Thinking

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Once, lying in bed in Portland, I waxed poetic on the unpredictability of life, more specifically, how we could die literally at ANY moment. Greg balked at the notion, stressing that we were safely tucked under a heap of warm blankets. I countered with the story of a woman and her infant child killed when a fighter jet malfunctioned and crashed, leaving nothing but a shock of smoldering embers where their house once was. One moment safe and sound the next simply gone.

My Grandfather Herbie, when he was only a young father himself, died in a horrific motorcycle wreck. He’d survived his plane crashing in the throes of World War II, the associated gun shot wounds, mile upon mile of the Bataan Death March, making due on virtually non-existent rations and cock roaches in prison camp, even tuberculosis! Then a doctor, blind in one eye and wholly unseeing, took his ninth life, mere days before my Dad’s seventh birthday. A tragedy.

Our dear friends’ son nearly died in a car crash last month. A bright, kind, super talented spark of teenage boyishness saved from a frighteningly smashed Toyota. He’s made great strides, but a long road to recovery remains ahead, a new normal of scars with stories to tell.

My Uncle has terminal brain cancer. The last I saw him was at his grand daughter’s eighth birthday party. All was cheery and copacetic, until it wasn’t. He’s seemingly lost all ability to form new memories. His life, in how brief a span, will be just that, memories?

I write of all this, not to be gloomy, but to flesh out the transient nature of life, the constant reminders of fragility and change and my utter befuddlement and wonder. What a lack of rhyme or reason! How impossibly out of our hands. The universe reminding us, to surrender, to ride the waves, to truly appreciate each end every moment, and cease grasping for control. We are mere passengers, intent on our destinations, yet completely subject to the capriciousness of the road.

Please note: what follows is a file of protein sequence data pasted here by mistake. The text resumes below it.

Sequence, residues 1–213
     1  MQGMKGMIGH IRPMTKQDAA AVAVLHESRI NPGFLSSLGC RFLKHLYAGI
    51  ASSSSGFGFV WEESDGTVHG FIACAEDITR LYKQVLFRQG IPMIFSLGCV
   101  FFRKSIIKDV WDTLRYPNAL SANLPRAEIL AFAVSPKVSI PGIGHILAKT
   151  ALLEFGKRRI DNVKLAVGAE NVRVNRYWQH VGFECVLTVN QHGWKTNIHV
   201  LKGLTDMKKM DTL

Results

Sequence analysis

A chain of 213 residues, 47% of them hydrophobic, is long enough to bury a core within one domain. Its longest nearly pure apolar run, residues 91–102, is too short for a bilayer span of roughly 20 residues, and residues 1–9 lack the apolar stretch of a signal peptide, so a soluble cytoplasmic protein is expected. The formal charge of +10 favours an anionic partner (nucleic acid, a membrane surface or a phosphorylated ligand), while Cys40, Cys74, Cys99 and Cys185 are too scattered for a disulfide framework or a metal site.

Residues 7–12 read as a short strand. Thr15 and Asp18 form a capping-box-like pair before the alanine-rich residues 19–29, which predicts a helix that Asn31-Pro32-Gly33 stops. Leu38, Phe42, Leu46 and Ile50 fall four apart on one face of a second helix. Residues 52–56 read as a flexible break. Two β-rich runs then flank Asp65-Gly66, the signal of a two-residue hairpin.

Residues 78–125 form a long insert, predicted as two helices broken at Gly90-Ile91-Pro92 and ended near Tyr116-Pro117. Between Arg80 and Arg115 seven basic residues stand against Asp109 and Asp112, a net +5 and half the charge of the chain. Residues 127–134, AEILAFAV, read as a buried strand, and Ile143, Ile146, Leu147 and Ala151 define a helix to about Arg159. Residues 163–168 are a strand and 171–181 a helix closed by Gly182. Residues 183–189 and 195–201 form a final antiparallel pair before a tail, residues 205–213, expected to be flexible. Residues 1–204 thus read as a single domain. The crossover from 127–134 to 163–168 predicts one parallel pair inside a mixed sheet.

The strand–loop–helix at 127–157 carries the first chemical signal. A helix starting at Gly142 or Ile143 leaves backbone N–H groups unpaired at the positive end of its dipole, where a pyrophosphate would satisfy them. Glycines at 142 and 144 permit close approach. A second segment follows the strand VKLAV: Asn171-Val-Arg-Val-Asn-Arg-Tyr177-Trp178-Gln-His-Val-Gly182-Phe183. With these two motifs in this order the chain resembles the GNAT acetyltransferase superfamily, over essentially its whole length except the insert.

A chickadee nest taken from our bird house, the majority of which, I believe, was made from Juniper’s fur. So cool!

pavement rose – an unfortunate name for a stellar scented shrub

lamb’s ear

traditional hyssop in blue and pink

Jupiter’s beard

dianthus

yarrow

showy milkweed

opuntia

pink evening primrose

callirhoe

rose that came with the house

purple cranesbill

Hiya! Welcome to more encouragement for turning a lawn into a xeriscaped oasis. First off, look at the variety of flowers currently blooming in the front yard. Do you notice a theme? I didn’t want to feel overwhelmed by color in either garden, so I chose to have only pink, white, purple, and blue out front; and red, orange, yellow, and white out back. Though there are a couple of aberrations, the opuntia (I thought it was pink) and the rose, which was one of the few plants that came with the house. Perfect in its imperfection.

So, aside from all the beauty and color, another great reason to consider a garden is the cost. If you’re lucky and have a well cared for lawn from the get-go, this may be of little interest. Since our back garden was such a mess of weeds, we would have needed a lot of pricey mediation to get it right. And at about 5,000 square feet, the minimum price to tear out the weeds, prep & grade the soil, and install a less thirsty sod would have cost about $25,000. Who knows how much it would cost to water, either. One neighbor said she pays about $200 a month. As our friend Sean would say, “That’s A LOT of cabbages!!”